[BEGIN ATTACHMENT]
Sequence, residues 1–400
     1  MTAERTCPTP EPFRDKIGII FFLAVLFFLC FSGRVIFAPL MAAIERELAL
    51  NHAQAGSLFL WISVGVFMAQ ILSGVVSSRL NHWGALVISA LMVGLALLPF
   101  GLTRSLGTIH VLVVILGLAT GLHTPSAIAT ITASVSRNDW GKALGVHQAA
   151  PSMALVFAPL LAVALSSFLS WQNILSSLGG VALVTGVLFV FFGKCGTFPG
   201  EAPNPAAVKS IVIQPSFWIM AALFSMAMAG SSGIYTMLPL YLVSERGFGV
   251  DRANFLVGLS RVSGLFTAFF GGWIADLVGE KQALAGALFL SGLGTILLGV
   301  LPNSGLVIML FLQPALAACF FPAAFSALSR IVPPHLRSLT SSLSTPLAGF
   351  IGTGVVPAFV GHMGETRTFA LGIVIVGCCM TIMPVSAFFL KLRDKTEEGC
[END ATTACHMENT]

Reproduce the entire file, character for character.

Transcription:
Sequence, residues 1–400
     1  MTAERTCPTP EPFRDKIGII FFLAVLFFLC FSGRVIFAPL MAAIERELAL
    51  NHAQAGSLFL WISVGVFMAQ ILSGVVSSRL NHWGALVISA LMVGLALLPF
   101  GLTRSLGTIH VLVVILGLAT GLHTPSAIAT ITASVSRNDW GKALGVHQAA
   151  PSMALVFAPL LAVALSSFLS WQNILSSLGG VALVTGVLFV FFGKCGTFPG
   201  EAPNPAAVKS IVIQPSFWIM AALFSMAMAG SSGIYTMLPL YLVSERGFGV
   251  DRANFLVGLS RVSGLFTAFF GGWIADLVGE KQALAGALFL SGLGTILLGV
   301  LPNSGLVIML FLQPALAACF FPAAFSALSR IVPPHLRSLT SSLSTPLAGF
   351  IGTGVVPAFV GHMGETRTFA LGIVIVGCCM TIMPVSAFFL KLRDKTEEGC